Unreal: With Ebola Crisis Raging, Obama Administration Started Streamlining Visas From West Africa in August

Katie Pavlich
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Posted: Oct 17, 2014 12:00 PM
Unreal: With Ebola Crisis Raging, Obama Administration Started Streamlining Visas From West Africa in August

Not only is the Ebola crisis continuing to degrade, but the optics of how the White House has handled the situation are getting worse by the day too. 

A new report published at Breitbart shows the Obama administration started expediting visas from West Africa in August as the Ebola was (and still is) raging out of control with a 70 percent mortality rate. According to the report, the man who died from Ebola in a Texas hospital after visiting Liberia, had his visa approved in the same month visas were being streamlined.

In short, the USCIS has been waiving fees, expediting the immigration process, and allowing extensions of visas for anyone coming from the three designated Ebola-stricken countries, provided that they are in the United States. The Free Republic blog reported that the law firm of Edward W. Neufville, III, LLC, a Washington, D.C. area immigration firm, added a section to their website two days after the USCIS announcement, with more details about how these relief measures would work, including extensions of the time that the foreign national could remain in the United States, additional work permit opportunities, and even forgiveness for failure to appear at required interviews or submit required evidence. According to the Neufville firm, the new USCIS policies mean that "[i]ndividuals from Liberia, Sierra Leone, and Guinea currently in the United States may apply for an extension or change in status due to the Ebola Outbreak, even if their request is filed after the authorized period of admission has expired." Otherwise stated, this means that someone from one of those countries who illegally overstayed their visa can now apply for an extension, or someone who arrived illegally can apply to get legal status.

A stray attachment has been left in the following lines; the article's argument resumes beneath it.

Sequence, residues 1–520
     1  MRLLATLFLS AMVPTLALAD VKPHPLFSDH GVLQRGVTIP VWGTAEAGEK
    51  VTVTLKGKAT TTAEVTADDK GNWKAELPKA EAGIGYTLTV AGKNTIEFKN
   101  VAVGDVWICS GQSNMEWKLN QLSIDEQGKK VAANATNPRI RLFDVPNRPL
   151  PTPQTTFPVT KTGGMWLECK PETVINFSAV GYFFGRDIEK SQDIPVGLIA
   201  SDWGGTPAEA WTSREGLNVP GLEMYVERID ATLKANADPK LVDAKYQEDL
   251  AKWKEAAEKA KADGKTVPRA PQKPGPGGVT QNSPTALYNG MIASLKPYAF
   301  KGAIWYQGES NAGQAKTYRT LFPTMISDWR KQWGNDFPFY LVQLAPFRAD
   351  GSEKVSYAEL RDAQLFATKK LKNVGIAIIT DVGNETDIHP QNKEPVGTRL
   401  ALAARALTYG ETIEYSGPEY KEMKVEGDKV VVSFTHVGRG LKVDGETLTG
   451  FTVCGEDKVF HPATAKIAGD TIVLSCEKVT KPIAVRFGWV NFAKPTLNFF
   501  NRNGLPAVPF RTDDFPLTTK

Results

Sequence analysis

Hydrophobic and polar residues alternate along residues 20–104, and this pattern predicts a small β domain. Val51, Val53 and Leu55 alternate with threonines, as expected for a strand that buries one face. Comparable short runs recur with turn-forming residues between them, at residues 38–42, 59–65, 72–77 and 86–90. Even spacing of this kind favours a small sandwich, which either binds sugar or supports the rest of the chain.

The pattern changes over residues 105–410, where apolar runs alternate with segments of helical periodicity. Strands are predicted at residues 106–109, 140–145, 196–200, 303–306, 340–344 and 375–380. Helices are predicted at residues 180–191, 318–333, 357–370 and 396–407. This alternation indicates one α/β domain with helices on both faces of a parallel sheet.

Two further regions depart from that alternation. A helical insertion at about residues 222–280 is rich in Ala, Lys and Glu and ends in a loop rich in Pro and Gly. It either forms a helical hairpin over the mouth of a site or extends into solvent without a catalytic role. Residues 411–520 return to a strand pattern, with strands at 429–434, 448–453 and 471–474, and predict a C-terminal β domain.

Thomas Eric Duncan, the Liberian man who died from Ebola earlier this month, had traveled to the United States after his visa was approved in August, the same month that USCIS announced the new relief measures.

Here is a breakdown of what was happening with the Ebola crisis in August courtesy of Haaretz

August 2: A U.S. missionary physician infected with Ebola in Liberia is flown to Atlanta in the United States for treatment.

August 5: A second U.S. missionary infected with Ebola is flown from Liberia to Atlanta for treatment. Aug. 8: WHO declares Ebola "international public health emergency."

August 12: WHO says death toll has topped 1,000, approves use of unproven drugs or vaccines. A Spanish priest with Ebola dies in a Madrid hospital.

August 15: MSF says the epidemic will take about six months to control.

August 20: Security forces in Monrovia fire shots, tear gas to disperse crowd trying to break out of quarantine, killing a teenager.

August 21: The two U.S. missionary aid workers treated in Atlanta are released from the hospital free of the virus.

August 24: Democratic Republic of Congo declares Ebola outbreak, apparently separate from larger epidemic. An infected British medical worker is flown home from Sierra Leone for treatment.

August 28: WHO puts death toll at above 1,550, warns outbreak could infect more than 20,000. Aug. 29: Senegal reports first confirmed Ebola case.

The White House has refused to even put travel restrictions on the table as the crisis in West Africa continues. Considering the administration has been encouraging more travel, it's no wonder travel restrictions aren't being considered. CDC Director Tom Frieden said yesterday during testimony on Capitol Hill that his first interest is protecting Americans. If Frieden really meant what he said,the folks over at DHS don't have the same priority and clearly aren't on the same page. 

These revelations prompt a whole new set of questions about how the Obama administration is handling this situation and leads one to question whether the government is really doing anything real to protect Americans from a deadly disease. At a time when officials knew Ebola was killing thousands in Africa, they invited more people potentially exposed to that disease, including Thomas Duncan, to come into the United States. At best, this is negligence.